State Roundup: Relief that Trump signs COVID relief bill; evictions loom

State Roundup: Relief that Trump signs COVID relief bill; evictions loom

From an earlier Christmas, the Basilica of the Assumption in Baltimore, America's first Roman Catholic cathedral. Len Lazarick photo

STIMULUS DEAL SIGNED, FURTHER INCREASE TO BE CONSIDERED: U.S. Rep. Andy Harris (R-Maryland) would support increasing COVID stimulus checks from $600 to $2,000 if cuts are made from other spending areas to pay for them, The Easton Star-Democrat is reporting. President Donald Trump has signed the relief legislation but Congress is expected to vote Monday on a proposal to increase the amount to $2,000.

  • A team from the Associated Press gives a rundown on the bill and the drama that led up to it.
  • People in Maryland are thankful the deal is signed with even $600 checks, Rachel Menitoff reports for WJZ. Local business owners are hopeful stimulus checks will be spent in their stores.
  • Gov. Larry Hogan had urged the bill to be signed and then further bipartisan working together to increase the amount. “Now we’ve reached an agreement, at least it’s something. It’s not enough but it’s a step in the right direction,” he told CNN on State of the Union.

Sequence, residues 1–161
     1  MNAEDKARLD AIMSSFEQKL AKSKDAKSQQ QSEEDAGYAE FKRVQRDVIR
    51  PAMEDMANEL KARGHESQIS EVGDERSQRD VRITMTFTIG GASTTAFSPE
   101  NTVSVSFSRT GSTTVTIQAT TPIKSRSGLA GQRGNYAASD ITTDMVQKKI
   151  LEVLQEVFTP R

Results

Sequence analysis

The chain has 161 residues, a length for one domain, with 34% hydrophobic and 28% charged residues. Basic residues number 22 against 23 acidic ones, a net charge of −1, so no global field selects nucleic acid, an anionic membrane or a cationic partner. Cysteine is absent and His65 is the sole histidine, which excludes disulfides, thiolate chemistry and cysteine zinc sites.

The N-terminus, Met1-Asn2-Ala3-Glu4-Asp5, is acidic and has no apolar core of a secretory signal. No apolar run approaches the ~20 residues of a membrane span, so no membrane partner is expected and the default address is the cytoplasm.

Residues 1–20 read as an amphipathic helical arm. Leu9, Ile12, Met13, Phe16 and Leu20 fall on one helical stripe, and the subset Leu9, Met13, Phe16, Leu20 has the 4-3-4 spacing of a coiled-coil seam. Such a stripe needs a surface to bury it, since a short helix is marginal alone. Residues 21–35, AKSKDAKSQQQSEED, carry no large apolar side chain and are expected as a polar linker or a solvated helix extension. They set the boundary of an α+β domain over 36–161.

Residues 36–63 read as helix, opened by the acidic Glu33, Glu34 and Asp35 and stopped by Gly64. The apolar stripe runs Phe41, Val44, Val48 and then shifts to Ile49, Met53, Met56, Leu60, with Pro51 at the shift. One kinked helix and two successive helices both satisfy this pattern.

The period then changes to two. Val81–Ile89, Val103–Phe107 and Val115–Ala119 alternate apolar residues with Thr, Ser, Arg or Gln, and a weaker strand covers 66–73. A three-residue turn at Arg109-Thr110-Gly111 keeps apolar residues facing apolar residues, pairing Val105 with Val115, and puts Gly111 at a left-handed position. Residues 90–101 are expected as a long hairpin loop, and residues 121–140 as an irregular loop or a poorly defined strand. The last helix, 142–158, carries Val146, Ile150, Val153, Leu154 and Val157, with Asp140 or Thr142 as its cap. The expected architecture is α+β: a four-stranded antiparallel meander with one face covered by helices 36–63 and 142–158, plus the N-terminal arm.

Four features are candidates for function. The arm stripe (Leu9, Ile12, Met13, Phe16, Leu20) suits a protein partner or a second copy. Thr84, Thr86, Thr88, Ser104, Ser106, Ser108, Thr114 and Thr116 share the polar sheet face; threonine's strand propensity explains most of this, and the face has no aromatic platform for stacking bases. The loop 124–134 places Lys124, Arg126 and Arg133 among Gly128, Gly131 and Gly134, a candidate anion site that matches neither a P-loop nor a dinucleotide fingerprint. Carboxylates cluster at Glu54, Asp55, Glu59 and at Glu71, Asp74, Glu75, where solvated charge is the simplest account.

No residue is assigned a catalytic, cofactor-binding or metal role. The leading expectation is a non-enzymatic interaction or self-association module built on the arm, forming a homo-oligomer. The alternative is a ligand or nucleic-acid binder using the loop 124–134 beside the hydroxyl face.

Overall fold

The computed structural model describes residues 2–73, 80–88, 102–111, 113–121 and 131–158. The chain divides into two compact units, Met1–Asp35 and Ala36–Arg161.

• He criticized the president for raising objections about the amount at the 11th hour: “And then not eight months before or even eight days before, but after it was passed, then the president raises these objections,” Hogan said on ABC’s This Week on Sunday, before the president had signed the bill.

TENANTS FACE POSSIBLE EVICTIONS: Lawmakers will push for legislation that would give financially strapped tenants counsel at eviction hearings, Steve Lash reports for The Daily Record. “Funds for the free representation would be raised through an eight-fold increase in the filing fee landlords pay in district court eviction proceedings,” he writes.

  • The overall picture for tenants in Maryland is bleak, even with extra assistance, Madeleine O’Neill writes for the USA Today Network. Housing advocates told the USA Today Network that a jumble of federal rules, state directives and court closures put in place during the pandemic have left struggling renters with little clarity. “There are way more people than resources,” one said.